WASHINGTON (CN) — President Joe Biden signed an executive order Friday morning to fund humanitarian aid in Afghanistan and U.S. victims of terrorism, including survivors of the Sept. 11, 2001, attacks, with $7 billion in frozen Afghan funds seized by the U.S.
The $7 billion laid out in Biden's order is money left in the U.S. Federal Reserve Bank in New York by the former Afghan government. When the Taliban ousted Afghanistan's government and took political control of Afghanistan in August of 2021, the U.S. froze the funds that the Taliban has since claimed belongs to it.
But since the Taliban is a terrorist organization, Biden has directed the funds to be distributed to the Afghan people and relatives of victims of the 9/11 attacks, many of whom have already laid claim to some of the funds.
The order directs U.S. financial institutions to make $3.5 billion available to address the ongoing humanitarian crisis in Afghanistan sparked by the tumultuous end to the U.S. involvement in the country's two-decade war. Another $3.5 billion is planned to fund litigation by U.S. victims of terrorism.
In order for the funds to be distributed, according to the White House, courts in which victims' families have filed claims for compensation will have to issue decisions.
Another $2 billion in Afghan frozen reserves remain, held largely in Germany, the United Arab Emirates and Switzerland.
The 20-year war in Afghanistan began after the Taliban refused to turn Osama din Laden, the leader of al-Qaida, over to the United States in the wake of the 9/11 attacks.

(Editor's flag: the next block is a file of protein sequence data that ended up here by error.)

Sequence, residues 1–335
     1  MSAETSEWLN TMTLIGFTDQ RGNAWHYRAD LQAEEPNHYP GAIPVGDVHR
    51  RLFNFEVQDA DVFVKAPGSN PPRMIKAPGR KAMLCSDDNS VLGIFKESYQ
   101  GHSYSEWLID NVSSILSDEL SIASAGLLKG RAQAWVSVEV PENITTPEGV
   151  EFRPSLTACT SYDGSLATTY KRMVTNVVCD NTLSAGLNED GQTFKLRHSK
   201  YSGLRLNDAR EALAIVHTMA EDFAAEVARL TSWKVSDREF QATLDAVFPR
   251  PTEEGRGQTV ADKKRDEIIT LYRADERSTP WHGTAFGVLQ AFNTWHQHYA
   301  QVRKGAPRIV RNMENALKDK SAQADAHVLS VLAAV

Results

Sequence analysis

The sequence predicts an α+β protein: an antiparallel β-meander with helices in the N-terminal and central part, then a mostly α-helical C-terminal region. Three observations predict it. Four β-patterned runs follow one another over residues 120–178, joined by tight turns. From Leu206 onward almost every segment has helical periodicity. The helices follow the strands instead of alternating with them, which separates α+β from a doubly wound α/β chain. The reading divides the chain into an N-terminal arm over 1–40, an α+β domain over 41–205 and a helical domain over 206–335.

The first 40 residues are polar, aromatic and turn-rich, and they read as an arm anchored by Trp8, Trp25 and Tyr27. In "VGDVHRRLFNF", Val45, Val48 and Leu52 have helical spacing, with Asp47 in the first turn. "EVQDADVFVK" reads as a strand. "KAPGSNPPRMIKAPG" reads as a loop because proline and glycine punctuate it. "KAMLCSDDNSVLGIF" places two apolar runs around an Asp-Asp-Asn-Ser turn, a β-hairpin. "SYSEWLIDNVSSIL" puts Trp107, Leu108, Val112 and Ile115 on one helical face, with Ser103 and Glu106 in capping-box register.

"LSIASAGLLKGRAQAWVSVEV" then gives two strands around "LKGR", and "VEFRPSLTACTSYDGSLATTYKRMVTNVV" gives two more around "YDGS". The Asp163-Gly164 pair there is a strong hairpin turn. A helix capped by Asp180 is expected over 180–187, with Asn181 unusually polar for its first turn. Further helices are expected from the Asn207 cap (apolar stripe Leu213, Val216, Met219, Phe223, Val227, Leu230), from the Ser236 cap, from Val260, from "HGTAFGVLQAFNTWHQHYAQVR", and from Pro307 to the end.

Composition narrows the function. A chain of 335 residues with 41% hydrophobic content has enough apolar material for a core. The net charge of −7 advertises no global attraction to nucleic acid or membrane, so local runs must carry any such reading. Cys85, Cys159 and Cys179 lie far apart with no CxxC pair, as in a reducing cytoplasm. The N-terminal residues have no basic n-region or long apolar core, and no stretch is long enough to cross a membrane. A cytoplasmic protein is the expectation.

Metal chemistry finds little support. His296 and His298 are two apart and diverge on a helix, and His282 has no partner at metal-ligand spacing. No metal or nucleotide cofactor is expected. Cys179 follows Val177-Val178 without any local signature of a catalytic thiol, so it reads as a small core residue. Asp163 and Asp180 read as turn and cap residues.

Afghanistan's economy remains turbulent since the Taliban has taken power, with almost 80% of the country's former budget having come from international aid that has since been cut off. And even before the U.S. withdrawal of troops, Afghanistan's poverty rates were above 50%, with a two-year draught exacerbating devastatingly low income levels and high rates of malnutrition.
"This is one step forward in the United States’ effort to authorize the transfer of a significant portion of the funds to meet the needs of the Afghan people," the White House said in a statement.
The White House acknowledged the fallout of the 20-year war and collapse of the Afghan government requires more aid than the funds available in the frozen reserve.
"We understand there are no easy solutions for Afghanistan’s economic challenges, which have been exacerbated by the Taliban’s forced takeover of the country," the White House said.
Last month, the United Nations called for $5 billion in aid to Afghanistan, warning that up to 1 million Afghan children face starvation and nearly 90% of the country's population are attempting to survive below the poverty level.
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